Tue, Mar 19, 2019 - Page 8 News List

EDITORIAL: Judges failing to protect Taiwan

The government and the judiciary appear to be taking espionage lightly, judging by a recent string of cases.

The New Taipei District Court on Thursday sentenced retired lieutenant colonels Lin Shih-pin (林世斌) and Pien Peng (邊鵬) to six months in prison for spying for China, adding that time behind bars could be commuted a fine of NT$180,000 each.

The same day, the Supreme Court upheld the Taiwan High Court’s ruling in April last year of a 14-month sentence for Chinese national Zhou Hongxu (周泓旭) for contravening the National Security Act (國家安全法) by recruiting people for a Chinese spy network in Taiwan, in what was the final ruling in the case.

Earlier this month, the Taipei District Court granted New Party Taipei City Councilor Ho Han-ting’s (侯漢廷) appeal for a lifting of a travel ban so that he could join Taipei Mayor Ko Wen-je’s (柯文哲) delegation on a trip to the US, even though Ho was indicted in June last year on espionage charges in connection with Zhou’s case, for allegedly funneling money from China to infiltrate Taiwan’s military and connect with Taiwanese youth organizations.

The Taipei District Prosecutors’ Office fought the request, but the court allowed Ho to pay a deposit of NT$100,000 to cover the nine-day trip, subject to confiscation if he does not return home by Monday next week.

Dumbfounding does not even begin to encompass the sheer absurdity of these decisions and the judges’ seeming ignorance of, or lack of awareness of, national security concerns.

As amazing as such lenient decisions are, the courts appear to be simply following precedent, considering the case of retired major general Hsu Nai-chuan (許乃權), who was involved in the largest espionage case in the nation’s history.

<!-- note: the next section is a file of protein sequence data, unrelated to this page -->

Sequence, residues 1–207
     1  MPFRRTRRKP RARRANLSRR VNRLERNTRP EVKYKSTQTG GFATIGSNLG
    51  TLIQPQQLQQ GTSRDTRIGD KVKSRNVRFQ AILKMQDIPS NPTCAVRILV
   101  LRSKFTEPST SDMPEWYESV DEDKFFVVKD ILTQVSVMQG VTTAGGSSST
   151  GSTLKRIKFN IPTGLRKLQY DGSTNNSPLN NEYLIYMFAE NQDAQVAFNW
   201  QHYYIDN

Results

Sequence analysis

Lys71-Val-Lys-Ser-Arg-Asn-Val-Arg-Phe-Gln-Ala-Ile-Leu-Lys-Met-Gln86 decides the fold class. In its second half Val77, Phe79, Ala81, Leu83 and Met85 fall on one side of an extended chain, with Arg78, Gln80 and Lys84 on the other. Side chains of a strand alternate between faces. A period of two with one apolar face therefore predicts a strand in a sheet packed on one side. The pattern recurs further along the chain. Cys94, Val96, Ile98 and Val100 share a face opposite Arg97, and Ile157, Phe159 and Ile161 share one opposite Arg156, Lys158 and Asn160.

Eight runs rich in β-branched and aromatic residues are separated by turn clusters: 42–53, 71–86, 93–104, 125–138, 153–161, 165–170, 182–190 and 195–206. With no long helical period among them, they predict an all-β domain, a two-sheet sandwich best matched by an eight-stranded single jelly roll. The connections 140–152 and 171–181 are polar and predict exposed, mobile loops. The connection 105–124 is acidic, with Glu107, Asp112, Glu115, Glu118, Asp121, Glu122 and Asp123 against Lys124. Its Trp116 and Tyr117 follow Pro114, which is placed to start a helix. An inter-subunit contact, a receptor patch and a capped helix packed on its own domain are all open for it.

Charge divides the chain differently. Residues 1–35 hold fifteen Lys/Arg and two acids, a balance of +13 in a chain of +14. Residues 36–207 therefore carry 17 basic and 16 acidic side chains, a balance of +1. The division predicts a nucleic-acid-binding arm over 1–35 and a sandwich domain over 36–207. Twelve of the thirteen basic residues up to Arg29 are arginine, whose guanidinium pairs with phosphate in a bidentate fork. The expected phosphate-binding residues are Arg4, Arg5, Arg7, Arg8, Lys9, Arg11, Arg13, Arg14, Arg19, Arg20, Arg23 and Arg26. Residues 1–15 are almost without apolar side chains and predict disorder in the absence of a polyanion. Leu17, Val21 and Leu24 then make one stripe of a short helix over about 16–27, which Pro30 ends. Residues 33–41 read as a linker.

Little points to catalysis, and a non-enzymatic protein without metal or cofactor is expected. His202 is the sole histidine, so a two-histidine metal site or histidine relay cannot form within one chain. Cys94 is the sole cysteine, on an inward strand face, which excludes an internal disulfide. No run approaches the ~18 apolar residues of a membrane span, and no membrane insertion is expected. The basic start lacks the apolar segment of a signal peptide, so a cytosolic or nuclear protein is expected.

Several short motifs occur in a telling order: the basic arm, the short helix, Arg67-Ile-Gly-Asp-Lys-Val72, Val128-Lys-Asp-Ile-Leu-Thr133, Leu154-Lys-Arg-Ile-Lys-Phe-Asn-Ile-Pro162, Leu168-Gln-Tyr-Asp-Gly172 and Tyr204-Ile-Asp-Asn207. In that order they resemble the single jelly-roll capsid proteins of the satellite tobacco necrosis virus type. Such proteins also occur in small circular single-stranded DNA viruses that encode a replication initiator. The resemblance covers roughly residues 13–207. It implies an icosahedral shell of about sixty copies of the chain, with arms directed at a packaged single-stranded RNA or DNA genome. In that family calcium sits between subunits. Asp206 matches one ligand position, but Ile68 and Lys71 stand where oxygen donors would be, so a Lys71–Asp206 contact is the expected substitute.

Hsu was convicted of leaking secrets to the Chinese Communist Party, and yet he received a prison sentence of just two years and 10 months and was still entitled to receive 70 percent of his pension after he was released from prison in September 2017.

Even though his crime damaged national security, taxpayers must pay him a monthly pension of about NT$75,000 — it would have been more, but the Legislative Yuan in 2016 amended the Act of Military Service for Officers and Noncommissioned Officers of the Armed Forces (陸海空軍軍官士官服役條例) to reduce the pensions in such cases by 30 percent in a bid to deter active duty personnel and retired officers from leaking military secrets or spying for China.

The judiciary and the legislative and executive branches appear willing to turn a blind eye to national security threats, thereby conniving with those who commit treason by spying, leaking classified information or otherwise breaching national security.

President Tsai Ing-wen (蔡英文) last week held a meeting of the National Security Council and emphasized the need for the government “to prevent China from manipulating domestic discussion, infiltrating society, and stealing classified information from the national defense and other core industries, and protect national security and social stability.”

However, Tsai will struggle to convince the public that the government is doing all it can to safeguard national security and deter threats if those convicted of espionage or damaging national security, or indicted in such cases, are shown such indulgence.

If Tsai means what she said at the meeting, the government must quickly follow through with concrete actions, such as amending the National Security Act (國家安全法), the Classified National Security Information Protection Act (國家機密保護法) and the Criminal Code to close legal loopholes that allow people convicted of spying for China to avoid treason charges.

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